The portion of the pin member which is rotatably received by the socket is preferably circular in transverse cross section. However, this portion could have other configurations, such as oval or polygonal. It will be recognized that these configurations could be rotatably received by a suitable socket, while being sufficiently frictionally engaged by the socket to prevent undesired rotation.

While in the foregoing specification, I have set forth detailed descriptions of specific embodiments of my invention for the purpose of illustration, it is to be understood that many of the details herein given may be varied considerably by those skilled in the art without departing from the spirit and scope of my invention.

I claim:

l. A mounting assembly for a loop antenna comprising a pair of sockets, each socket provided with an opening therethrough, and a pair of pin means, each pin means including an elongated portion rotatably received by the opening of a socket and a slotted portion provided with a slot extending angularly with respect to the elongated portion, each of the slots adapted to rotatably receive an end of the loop antenna.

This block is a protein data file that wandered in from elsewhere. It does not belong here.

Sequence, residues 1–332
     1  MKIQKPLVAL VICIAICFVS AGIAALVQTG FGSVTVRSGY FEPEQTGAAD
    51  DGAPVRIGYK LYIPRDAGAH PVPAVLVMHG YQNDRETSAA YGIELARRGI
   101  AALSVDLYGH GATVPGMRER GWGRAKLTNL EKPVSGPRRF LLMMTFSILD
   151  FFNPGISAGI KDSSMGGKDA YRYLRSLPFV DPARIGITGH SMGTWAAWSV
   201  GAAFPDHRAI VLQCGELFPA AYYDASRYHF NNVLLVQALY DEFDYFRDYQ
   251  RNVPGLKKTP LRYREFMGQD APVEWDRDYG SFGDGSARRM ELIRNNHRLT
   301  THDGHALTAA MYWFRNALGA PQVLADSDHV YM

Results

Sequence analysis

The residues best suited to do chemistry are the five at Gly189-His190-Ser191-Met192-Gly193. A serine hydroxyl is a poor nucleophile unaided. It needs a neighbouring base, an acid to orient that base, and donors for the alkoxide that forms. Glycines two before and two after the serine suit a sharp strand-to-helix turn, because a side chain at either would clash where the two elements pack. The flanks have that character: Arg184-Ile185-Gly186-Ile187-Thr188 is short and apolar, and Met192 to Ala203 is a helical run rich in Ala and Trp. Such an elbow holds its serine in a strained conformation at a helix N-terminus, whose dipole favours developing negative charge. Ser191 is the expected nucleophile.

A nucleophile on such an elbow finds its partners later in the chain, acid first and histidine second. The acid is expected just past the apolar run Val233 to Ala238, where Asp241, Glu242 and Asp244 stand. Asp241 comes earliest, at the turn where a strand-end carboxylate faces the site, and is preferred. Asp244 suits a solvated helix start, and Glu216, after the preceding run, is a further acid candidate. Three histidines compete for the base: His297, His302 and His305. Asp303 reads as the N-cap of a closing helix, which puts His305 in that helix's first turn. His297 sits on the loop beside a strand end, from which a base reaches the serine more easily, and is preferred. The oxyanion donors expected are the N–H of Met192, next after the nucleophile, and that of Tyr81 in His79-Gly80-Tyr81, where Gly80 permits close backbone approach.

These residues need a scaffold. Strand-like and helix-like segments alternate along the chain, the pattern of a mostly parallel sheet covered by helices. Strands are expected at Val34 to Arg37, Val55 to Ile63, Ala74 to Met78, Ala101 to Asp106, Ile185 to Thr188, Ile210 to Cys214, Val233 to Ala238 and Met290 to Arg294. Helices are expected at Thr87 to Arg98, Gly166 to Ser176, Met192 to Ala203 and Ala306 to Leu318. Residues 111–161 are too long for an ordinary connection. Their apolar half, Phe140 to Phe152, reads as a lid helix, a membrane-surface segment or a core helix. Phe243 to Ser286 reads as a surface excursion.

2. The mounting assembly of claim 1 in which each of the sockets includes an elongated tubular portion provided with an axially extending bore for receiving the pin means and means for attaching the tubular portion to a terminal board.

3. The mounting assembly of claim 2 in which each tubular portion includes spring means extending inwardly from the wall of the tube for frictionally engaging the elongated portion of the pin means.

4. The mounting assembly of claim 2 in which the tubular portion is generally circular in transverse cross section.

5. The mounting assembly of claim 2 in which the attaching means includes a relatively flexible barb extending outwardly from the wall of the tubular portion.